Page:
But at last the Queen got resistless aid from Count William of Hainault (in a way to be told about hereafter), and the King was captured by her forces, and was imprisoned in Berkeley Castle. There they held the second Edward to reign in England, who was the unworthy son of Dame Ellinor and of that first squinting King Edward about whom I have told you in the two tales preceding this tale. It was in the September of this year, a little before Michaelmas, that they brought Sir Gregory Darrell to be judged by the Queen; notoriously the knight had been her husband’s adherent. “Death!” croaked Adam Orleton, who sat to the right hand, and, “Young de Spencer’s death!” amended the Earl of March, with wild laughter; but Ysabeau leaned back in her great chair—a handsome woman, stoutening now from gluttony and from too much wine,—and regarded her prisoner with lazy amiability.

“And what was your errand in Figgis Wood?” she demanded—“or are you mad, then, Gregory Darrell, that you dare ride past my gates alone?”

He curtly said, “I rode for Ordish.”

Followed silence. “Roger,” the Queen ordered, “give me the paper which I would not sign.”

The Earl of March had drawn an audible breath. The Bishop of London somewhat wrinkled his shaggy brows, like a person in shrewd and epicurean amusement, while the Queen subscribed the parchment, with a great scrawling flourish.

“Take, in the devil’s name, the hire of your dexterities,” said Ysabeau. She pushed this document with her wet pen-point toward March. “So! get it over with, that necessary business with my husband at Berkeley. And do the rest of you withdraw, saving only my prisoner.”

Followed another silence. Queen Ysabeau lolled in her carven chair, considering the comely gentleman who stood before her, fettered, at the point of shameful death. There was in the room a little dog which had come to the Queen, and now licked the palm of her left hand, and the soft lapping of its tongue was the only sound you heard. “So at peril of your life you rode for Ordish, then, messire?”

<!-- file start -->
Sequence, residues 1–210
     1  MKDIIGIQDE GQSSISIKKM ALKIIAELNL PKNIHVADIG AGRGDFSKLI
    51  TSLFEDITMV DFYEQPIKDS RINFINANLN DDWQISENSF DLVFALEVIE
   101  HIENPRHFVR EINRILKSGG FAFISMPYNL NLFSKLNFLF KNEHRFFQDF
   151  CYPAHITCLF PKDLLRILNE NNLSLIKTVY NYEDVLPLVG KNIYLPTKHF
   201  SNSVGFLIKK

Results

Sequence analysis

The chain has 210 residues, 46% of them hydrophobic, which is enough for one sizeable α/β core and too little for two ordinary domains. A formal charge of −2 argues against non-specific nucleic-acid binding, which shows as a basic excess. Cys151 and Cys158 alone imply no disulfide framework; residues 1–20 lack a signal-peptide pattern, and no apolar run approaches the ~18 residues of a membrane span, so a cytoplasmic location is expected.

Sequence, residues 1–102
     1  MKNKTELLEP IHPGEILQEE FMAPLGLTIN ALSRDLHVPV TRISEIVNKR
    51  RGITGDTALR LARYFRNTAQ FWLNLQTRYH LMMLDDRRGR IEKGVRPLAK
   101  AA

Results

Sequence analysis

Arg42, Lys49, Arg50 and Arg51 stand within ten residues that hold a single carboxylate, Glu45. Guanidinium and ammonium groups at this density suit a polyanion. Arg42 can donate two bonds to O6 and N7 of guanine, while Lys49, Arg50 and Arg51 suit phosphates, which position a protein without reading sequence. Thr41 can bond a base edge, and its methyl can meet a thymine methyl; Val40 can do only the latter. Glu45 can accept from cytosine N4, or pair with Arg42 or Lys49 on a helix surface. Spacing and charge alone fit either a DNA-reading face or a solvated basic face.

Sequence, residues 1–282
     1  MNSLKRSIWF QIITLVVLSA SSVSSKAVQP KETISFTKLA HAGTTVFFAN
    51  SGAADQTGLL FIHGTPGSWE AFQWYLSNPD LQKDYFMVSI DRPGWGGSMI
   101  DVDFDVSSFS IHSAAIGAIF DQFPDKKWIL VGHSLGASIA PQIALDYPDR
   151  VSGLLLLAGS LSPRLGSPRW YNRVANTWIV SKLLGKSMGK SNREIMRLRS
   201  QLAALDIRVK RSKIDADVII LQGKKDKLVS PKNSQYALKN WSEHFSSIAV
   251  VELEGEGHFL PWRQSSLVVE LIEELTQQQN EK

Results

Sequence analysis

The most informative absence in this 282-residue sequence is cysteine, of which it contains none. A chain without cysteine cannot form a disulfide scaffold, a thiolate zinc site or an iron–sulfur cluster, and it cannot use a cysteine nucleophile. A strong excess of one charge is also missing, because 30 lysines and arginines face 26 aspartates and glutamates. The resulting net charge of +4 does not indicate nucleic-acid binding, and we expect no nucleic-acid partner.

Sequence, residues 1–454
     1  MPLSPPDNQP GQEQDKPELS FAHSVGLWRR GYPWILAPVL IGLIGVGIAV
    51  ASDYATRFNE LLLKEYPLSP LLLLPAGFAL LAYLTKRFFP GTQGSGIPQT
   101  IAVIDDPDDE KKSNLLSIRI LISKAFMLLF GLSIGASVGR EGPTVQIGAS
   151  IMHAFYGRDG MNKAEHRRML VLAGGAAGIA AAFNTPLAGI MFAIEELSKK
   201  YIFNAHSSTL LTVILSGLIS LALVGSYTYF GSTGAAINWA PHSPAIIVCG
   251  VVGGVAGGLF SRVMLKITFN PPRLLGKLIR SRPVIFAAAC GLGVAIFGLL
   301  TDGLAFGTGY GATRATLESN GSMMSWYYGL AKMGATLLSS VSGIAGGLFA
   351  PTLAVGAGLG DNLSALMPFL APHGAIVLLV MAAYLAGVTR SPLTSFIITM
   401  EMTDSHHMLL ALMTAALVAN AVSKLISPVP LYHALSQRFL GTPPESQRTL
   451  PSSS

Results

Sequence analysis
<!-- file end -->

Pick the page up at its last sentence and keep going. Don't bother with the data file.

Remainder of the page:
The tense man had flushed. “You have harried us of the King’s party out of England,—and in reason I might not leave England without seeing the desire of my heart.”

“My friend,” said Ysabeau, as if half in sorrow, “I would have pardoned anything save that.” She rose. Her face was dark and hot. “By God and all His saints! you shall indeed leave England to-morrow and the world also! but not without a final glimpse of this same Rosamund. Yet listen: I, too, must ride with you to Ordish—as your sister, say—Gregory, did I not hang, last April, the husband of your sister? Yes, Ralph de Belomys, a thin man with eager eyes, the Earl of Farrington he was. As his widow I will ride with you to Ordish, upon condition you disclose to none at Ordish, saving only, if you will, this quite immaculate Rosamund, any hint of our merry carnival. And to-morrow (you will swear according to the nicest obligations of honor) you must ride back with me to encounter—that which I may devise. For I dare to trust your naked word in this, and, moreover, I shall take with me a sufficiency of retainers to leave you no choice.”

Darrell knelt before her. “I can do no homage to Queen Ysabeau; yet the prodigal hands of her who knows that I must die to-morrow and cunningly contrives, for old time’s sake, to hearten me with a sight of Rosamund, I cannot but kiss.” This much he did. “And I swear in all things to obey your will.”

“O comely fool!” the Queen said, not ungently, “I contrive, it may be, but to demonstrate that many tyrants of antiquity were only bunglers. And, besides, I must have other thoughts than those which I have known too long: I must this night take holiday from thinking them, lest I go mad.”

Thus did the Queen arrange her holiday.